In the 21st century, creativity and critical thinking are often touted by schools and education professionals as qualities integral to children’s success in the rapidly changing job market. Teddy bears, Slinky, Lite-Brite, Beanie Babies — all some of the most wanted toys of the past century — arguably don’t require the same level of technical knowledge as some of today’s more popular toys such as drones. As the holidays approach, is it possible to give a gift that is educational and sparks a child’s innovative spirit?
Principal Investigator at Project Zero Edward Clapp has researched and explored creativity, innovation, and design, through the maker-centered learning initiative, Agency by Design. “When we think about making, we think about it broadly,” Clapp says. “Robots, drones, and [electronics platforms] Arduinos are part of making, but so is weaving, painting, and carpentry. The primary outcome is equipping young people with a ‘can-do’ spirit. It’s not necessarily about buying that new shiny thing in the world but understanding how those things are made and saying, ‘I can do that, I know how that’s made.’”
According to Clapp, agency is a key ingredient of maker-centered learning. Kids need to be able to design and evaluate the effectiveness of what they make. As a result, a box of loose LEGO bricks, blocks, or art supplies may have stronger potential than a kit of those same materials.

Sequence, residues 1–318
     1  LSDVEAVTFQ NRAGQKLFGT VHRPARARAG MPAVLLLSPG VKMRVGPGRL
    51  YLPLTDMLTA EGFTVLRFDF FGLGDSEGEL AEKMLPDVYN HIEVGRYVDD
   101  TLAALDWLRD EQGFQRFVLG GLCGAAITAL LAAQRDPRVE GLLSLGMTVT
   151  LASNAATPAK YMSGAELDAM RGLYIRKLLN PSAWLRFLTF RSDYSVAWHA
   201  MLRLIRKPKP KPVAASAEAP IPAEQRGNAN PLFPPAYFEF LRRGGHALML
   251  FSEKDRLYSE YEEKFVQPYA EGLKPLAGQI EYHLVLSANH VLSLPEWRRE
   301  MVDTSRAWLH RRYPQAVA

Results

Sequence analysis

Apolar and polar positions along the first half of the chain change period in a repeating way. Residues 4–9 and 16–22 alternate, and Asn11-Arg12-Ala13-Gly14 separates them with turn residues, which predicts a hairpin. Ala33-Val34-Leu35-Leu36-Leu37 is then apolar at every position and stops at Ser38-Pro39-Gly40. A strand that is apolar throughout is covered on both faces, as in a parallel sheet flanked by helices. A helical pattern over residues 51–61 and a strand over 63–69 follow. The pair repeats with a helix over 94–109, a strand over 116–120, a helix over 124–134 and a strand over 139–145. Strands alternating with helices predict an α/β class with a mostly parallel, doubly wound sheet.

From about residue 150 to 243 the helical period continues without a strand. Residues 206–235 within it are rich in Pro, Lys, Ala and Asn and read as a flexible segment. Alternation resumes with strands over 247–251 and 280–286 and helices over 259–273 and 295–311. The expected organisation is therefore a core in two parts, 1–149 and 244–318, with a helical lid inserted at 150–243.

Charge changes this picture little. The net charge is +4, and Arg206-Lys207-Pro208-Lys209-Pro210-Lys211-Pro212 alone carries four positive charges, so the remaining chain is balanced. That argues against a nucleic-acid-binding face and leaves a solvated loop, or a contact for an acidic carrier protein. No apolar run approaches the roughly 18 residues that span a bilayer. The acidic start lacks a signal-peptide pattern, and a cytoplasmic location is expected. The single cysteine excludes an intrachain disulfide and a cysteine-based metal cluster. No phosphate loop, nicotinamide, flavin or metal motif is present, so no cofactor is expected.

“Basic tools and materials support making in a way that some of the things that are marketed as making toys don’t because they don’t have prescriptive outcomes attached to how they are used,” Clapp says.
Think of Yourself as a Maker-Creator
Clapp and his team at Agency by Design have developed a framework to support maker-centered learning, whether it happens at home or in the classroom. “The popular mantra is, make something that does something. Make something with purpose and utility,” says Clapp.
Gifts that support maker-centered learning should provide children with opportunities to:
- Look closely at objects and systems — notice, revisit, compare, and consider from different points of view
- How do these objects and systems work and operate? Are there things that could be improved?
- Explore complexity — deconstruct, rebuild, research
- What do we still need to know or learn?
- Find opportunities to effect change — envision, plan, test, rethink
- What could we do to make things better?
Toss the Instructions
Before choosing, parents should consider the ways that children can interact with a toy. Is there only one right way of playing with it? Is there a set of directions that needs to be followed closely in order for it to work?
“It’s not about following instructions — that has its place — but it’s about engaging young people in looking closely at the things in their worlds, seeing how they’re complex, and seeing how they can be designed or redesigned,” says Clapp.
Similarly, when bringing crafts into classrooms to make learning more festive, teachers should avoid projects that follow a template and instead consider providing kids with a variety of materials to create and build with.
Combine Making and Giving
Parents and educators should consider working with children to make gifts for their families. An exercise in empathy, children can consider the perspectives and needs of others when they design or build something for another person.
Other times, making with children can be about being mindful about taking the time to do something for somebody else. “It can be about the gesture. It means more when you make it,” Clapp says.